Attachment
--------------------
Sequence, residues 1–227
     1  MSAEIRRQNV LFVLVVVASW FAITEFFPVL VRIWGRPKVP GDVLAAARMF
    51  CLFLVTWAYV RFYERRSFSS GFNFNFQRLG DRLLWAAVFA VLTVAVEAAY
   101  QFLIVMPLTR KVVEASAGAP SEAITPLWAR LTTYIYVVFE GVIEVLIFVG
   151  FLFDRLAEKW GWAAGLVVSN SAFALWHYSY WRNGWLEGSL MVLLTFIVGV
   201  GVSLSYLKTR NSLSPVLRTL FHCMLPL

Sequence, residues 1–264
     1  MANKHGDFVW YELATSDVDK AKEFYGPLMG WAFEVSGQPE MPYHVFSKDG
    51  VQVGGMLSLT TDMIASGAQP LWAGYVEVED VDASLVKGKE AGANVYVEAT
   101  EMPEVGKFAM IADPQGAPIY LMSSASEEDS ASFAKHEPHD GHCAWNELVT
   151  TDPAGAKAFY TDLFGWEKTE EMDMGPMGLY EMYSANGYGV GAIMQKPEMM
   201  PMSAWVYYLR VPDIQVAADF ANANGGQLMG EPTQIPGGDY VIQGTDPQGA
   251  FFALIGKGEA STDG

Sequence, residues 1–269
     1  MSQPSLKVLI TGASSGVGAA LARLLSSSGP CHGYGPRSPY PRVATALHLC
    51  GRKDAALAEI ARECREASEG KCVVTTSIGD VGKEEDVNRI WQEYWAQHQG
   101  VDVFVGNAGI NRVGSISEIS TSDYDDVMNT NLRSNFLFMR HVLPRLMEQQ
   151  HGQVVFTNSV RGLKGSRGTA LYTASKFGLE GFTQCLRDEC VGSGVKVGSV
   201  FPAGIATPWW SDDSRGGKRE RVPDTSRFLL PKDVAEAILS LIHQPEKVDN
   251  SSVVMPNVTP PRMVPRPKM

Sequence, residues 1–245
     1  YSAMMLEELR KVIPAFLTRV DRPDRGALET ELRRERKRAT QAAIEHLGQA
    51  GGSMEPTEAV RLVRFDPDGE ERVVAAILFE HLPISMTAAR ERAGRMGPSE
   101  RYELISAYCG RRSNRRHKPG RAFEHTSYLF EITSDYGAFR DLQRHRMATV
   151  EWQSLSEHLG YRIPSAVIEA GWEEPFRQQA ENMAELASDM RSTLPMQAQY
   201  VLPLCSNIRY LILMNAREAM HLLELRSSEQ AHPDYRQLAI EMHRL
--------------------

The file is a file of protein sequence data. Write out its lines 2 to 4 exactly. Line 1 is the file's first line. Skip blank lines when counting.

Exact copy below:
     1  MSAEIRRQNV LFVLVVVASW FAITEFFPVL VRIWGRPKVP GDVLAAARMF
    51  CLFLVTWAYV RFYERRSFSS GFNFNFQRLG DRLLWAAVFA VLTVAVEAAY
   101  QFLIVMPLTR KVVEASAGAP SEAITPLWAR LTTYIYVVFE GVIEVLIFVG